Formula 1's efforts to become more inclusive and diverse have been significantly helped by the impact of Lewis Hamilton's personal activism.
As the only black driver in the history of the sport, Hamilton has often underscored Grand Prix racing's lack of diversity and called for more inclusion.
But events of late in America following the death last month of George Floyd have incited Hamilton to become even more vocal on racial injustice broadly, the six-time F1 world champion expressing his support on social media for the 'Black Lives Matter' movement.
Formula 1 has apparently heard Hamilton's call for more diversity, with the sport praising its most well-known representative and planning some "major announcements more broadly around diversity and inclusion" in the coming weeks according to Yath Gangakumaran, F1’s director of strategy and business development.
“I think any organisation or person who has millions of people following them has a duty in many ways to highlight any imperfections that are innate within their area," said Gangakumaran, speaking at the 2020 FIA eConference.
"I think what Lewis has done has really helped hasten some of the change we want to see within Formula 1. In a couple of weeks’ time, you’ll start to hear more publicly about what we’re going to do.
"I think the days of sports stars being told to stick to their sports as it were are over.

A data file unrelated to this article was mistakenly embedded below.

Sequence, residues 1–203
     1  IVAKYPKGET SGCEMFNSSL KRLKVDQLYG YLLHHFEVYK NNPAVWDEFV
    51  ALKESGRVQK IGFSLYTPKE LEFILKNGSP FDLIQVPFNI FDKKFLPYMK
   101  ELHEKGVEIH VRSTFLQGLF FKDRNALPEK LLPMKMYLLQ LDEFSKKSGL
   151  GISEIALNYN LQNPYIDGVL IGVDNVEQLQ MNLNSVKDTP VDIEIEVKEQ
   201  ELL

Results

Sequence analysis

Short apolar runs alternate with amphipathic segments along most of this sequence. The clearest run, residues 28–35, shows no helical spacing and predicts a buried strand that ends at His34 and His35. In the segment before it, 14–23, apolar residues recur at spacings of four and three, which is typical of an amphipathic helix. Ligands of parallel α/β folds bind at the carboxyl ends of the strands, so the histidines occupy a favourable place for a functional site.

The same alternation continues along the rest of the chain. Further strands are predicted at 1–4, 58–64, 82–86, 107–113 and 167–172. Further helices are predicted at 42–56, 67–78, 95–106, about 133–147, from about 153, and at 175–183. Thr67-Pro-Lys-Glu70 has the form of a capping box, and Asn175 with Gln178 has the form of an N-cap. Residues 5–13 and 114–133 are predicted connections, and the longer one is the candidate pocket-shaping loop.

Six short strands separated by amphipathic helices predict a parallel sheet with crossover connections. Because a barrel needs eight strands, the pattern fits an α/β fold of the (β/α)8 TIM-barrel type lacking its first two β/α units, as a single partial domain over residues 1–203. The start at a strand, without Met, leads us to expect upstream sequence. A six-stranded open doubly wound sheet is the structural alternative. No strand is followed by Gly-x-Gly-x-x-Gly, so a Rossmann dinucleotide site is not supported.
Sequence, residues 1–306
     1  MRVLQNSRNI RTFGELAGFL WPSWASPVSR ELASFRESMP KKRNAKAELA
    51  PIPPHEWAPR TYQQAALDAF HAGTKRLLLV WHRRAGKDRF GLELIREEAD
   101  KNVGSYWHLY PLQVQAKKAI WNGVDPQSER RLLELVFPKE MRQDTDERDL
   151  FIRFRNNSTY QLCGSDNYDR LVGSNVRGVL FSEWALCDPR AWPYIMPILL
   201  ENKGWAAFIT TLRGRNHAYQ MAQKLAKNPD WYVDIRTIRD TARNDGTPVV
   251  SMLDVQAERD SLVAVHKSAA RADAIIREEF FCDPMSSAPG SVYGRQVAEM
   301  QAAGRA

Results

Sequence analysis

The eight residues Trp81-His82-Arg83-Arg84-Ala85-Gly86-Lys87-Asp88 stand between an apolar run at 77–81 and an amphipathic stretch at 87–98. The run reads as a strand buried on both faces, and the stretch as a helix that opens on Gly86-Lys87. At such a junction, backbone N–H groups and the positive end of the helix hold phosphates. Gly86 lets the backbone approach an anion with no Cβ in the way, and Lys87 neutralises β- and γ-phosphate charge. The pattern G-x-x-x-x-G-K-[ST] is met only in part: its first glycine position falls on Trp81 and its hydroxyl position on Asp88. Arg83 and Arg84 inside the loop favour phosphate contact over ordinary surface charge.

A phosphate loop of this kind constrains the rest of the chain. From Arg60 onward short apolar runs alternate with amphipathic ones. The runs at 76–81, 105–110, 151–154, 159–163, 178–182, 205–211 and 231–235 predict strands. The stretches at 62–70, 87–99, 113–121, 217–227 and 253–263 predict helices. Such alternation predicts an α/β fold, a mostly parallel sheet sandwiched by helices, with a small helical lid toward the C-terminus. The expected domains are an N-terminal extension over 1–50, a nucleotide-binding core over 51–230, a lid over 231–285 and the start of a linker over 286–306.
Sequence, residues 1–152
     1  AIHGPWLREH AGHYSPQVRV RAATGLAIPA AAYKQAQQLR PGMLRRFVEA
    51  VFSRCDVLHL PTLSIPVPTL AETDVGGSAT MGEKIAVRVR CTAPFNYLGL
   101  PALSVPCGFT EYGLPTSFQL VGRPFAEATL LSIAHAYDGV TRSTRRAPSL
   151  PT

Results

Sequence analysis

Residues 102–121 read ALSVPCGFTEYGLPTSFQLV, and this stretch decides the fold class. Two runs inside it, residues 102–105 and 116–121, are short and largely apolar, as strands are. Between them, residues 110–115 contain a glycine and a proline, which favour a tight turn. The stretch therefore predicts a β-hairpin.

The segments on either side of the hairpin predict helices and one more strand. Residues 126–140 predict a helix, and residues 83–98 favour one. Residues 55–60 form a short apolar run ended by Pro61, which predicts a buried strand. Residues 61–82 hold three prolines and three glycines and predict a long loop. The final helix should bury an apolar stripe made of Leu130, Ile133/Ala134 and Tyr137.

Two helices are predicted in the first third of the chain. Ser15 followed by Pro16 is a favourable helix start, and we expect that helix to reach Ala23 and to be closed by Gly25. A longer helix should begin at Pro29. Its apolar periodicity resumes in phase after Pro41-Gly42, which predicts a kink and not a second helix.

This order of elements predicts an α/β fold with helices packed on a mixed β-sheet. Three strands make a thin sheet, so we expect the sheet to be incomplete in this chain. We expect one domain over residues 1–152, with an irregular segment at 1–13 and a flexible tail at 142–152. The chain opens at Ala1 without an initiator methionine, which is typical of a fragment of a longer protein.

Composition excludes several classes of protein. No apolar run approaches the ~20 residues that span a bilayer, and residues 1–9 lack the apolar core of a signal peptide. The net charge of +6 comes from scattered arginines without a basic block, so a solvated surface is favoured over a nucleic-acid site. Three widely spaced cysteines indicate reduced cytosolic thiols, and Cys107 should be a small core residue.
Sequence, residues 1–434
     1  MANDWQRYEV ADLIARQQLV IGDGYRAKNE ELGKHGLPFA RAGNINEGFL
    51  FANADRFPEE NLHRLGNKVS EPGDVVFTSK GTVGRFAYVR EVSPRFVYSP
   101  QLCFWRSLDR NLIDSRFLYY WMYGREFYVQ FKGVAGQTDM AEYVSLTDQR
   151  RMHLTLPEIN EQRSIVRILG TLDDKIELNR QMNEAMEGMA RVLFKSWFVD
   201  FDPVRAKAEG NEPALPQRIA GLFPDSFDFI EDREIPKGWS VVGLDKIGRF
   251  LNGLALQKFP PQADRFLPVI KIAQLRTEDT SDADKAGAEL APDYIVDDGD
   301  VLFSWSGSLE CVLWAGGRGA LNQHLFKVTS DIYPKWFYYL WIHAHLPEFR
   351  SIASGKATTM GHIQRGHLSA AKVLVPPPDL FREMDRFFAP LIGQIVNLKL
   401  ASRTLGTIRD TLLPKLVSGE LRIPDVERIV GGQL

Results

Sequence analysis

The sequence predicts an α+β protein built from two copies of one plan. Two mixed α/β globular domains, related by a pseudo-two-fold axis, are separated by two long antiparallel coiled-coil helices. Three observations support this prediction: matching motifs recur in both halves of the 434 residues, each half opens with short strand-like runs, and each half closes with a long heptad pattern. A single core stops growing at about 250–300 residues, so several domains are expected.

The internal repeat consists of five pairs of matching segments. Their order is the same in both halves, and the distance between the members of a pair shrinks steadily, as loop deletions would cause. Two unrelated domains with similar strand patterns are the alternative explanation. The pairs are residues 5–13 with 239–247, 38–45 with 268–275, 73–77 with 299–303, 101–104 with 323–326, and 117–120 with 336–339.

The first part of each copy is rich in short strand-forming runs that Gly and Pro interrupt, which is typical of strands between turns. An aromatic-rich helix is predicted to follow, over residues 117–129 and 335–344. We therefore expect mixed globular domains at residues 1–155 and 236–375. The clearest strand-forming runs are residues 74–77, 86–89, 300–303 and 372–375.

"You’ve seen what [Marcus] Rashford has done in the last couple of days, Raheem Sterling again using a UK example, pushing for more ethnic minority representation on sports boards, obviously Lewis as well.
"I think this is going to be a trend that will continue. Ultimately if you want to be on the right side of history, it’s important that you’re on the right side of that trend, and that you have purpose central to what you do as an organisation."
Formula 1's ambitious sustainability plans to be net zero carbon by 2030 or its recent initiative to leverage its technological expertise to help fight the COVID-19 pandemic reflect its quest to support a "societal purpose" that goes beyond racing and entertainment.
"I think ultimately if we go back to the first principles, the whole purpose around F1 initially is around entertaining fans, so we need to ensure we have that front and centre of everything we do," explained Gangakumaran.
"What's been really pleasing to see in the last several years, and particularly in this current coronavirus period, is wider societal purpose really coming to the fore.
"To give you an example of what else F1 can do outside of pushing sustainability credentials and pushing diversity and inclusion to reflect the world in which we race, we have this incredible technology and amazing engineers and scientists within F1.
"If we can apply some of that technology to major humanitarian crises, hopefully we can have a small positive impact in terms of other societal issues in terms of what the world is dealing with."